Dembski precisely hits the nail on the head regarding the problem I’ve always felt plagues the Cosmological argument and frankly I don’t understand why people are so enamored with this one.  Since it is so popular later on I will likely post on some of the other issues with it.  Quoting Dembski on this: “…explanations always run out at some point.  There’s a natural resting place or final resting place of explanation, and it seems we can end it in nature or we can end it in God.  I’m not sure you can adjudicate that on any sort of logical grounds that stand outside and can say ok well it’s really God and not nature.”  If he was being more precise he would have exhausted all possibilities by saying “we can end it in something natural or we can end it in something not natural”, but this was an informal setting.

Dembski expressed that he is personally persuaded by the moral argument (Cottingham is also) as well as intelligent design (irreducible complexity) as you can see in the rest of the interview.  I’ve already discussed why the moral argument is not convincing to me.  While the moral argument is a popular one, Dembski seems to be in the minority among theist philosophers interviewed regarding intelligent design.  This is likely because the consensus among scientists in the field is against this view.  Francis Collins is one of many well informed theists who disagree with Dembski on this.  Which brings me to another very interesting point – there seems to be much disagreement among theists about which arguments are convincing and which are not, even among the experts.  Again, par for the course when it comes to philosophy.  I’m not all that negative on intelligent design, but I’ll need a separate post to fit all the ideas I have on that (sorry I keep doing that).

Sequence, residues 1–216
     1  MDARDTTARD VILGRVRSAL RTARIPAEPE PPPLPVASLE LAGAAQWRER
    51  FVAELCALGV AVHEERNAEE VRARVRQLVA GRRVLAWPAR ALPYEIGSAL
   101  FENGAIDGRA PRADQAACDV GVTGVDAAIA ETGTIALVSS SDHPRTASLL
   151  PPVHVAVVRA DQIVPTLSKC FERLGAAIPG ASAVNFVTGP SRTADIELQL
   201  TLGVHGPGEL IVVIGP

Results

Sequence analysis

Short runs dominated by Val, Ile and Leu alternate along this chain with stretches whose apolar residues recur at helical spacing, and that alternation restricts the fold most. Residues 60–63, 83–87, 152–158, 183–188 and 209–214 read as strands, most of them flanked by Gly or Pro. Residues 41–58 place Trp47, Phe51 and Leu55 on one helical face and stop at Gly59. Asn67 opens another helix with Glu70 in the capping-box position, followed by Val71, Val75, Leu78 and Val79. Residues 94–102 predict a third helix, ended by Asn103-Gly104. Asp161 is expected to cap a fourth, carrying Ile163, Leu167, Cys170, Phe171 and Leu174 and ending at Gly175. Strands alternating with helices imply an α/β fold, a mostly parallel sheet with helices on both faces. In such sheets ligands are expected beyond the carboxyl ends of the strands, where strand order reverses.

And last but not least a kind offer of respect from theist John Polkinghorne:

I just love Polkinghorne’s attitude here.  He mentions Steven Weinberg and I am similar to Steven in that I often talk about religion with my friends who have an interest in it.  Face to face these kinds of discussions can actually be enjoyable even with lack of agreement because a lot of my theistic friends can have a similar attitude as Polkinghorne.  Unfortunately, given the nature of the online medium it is much more difficult to have this kind of conversation (but not impossible) in the virtual world.

In my next post I will dig deep into one of the more popular arguments.  Likely fine-tuning.

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17 thoughts on “Philosophical Arguments for God

  1. I think you and i share a common un-comfortableness with philosophy. A little is fine, sometimes even fun, but its woefully inadequate in approaching any sense of truth. This is what drives me so mad with Christian philosophers and their utter devotion to word games.

  2. I’m still organizing all my references and thoughts on fine tuning but once I’m done you’ll probably find it useful. No way I can keep it short, so I’m thinking of doing a blog-post/webpage combo where the page will be for references if people want to dig further.

  3. Yeah John, that is a good way to describe my feelings. I took two philosophy courses way back in the college days and recently took an intro to phil class online to brush up. I see it’s usefulness in trying to organize our thoughts and make sure our thinking on many different topics are correct. It’s most useful area is likely in epistemology – the scientific method itself is obviously based on some practical concepts that derive from that. But the area of metaphysics is really just so abstract and not intended to be considered anywhere near conclusive. In this way I am bothered just like you that apologists take ideas from metaphysics and use them as practically conclusive weapons when that is not the intent. I think that was likely what drove Peter van Inwagen’s comment in the video.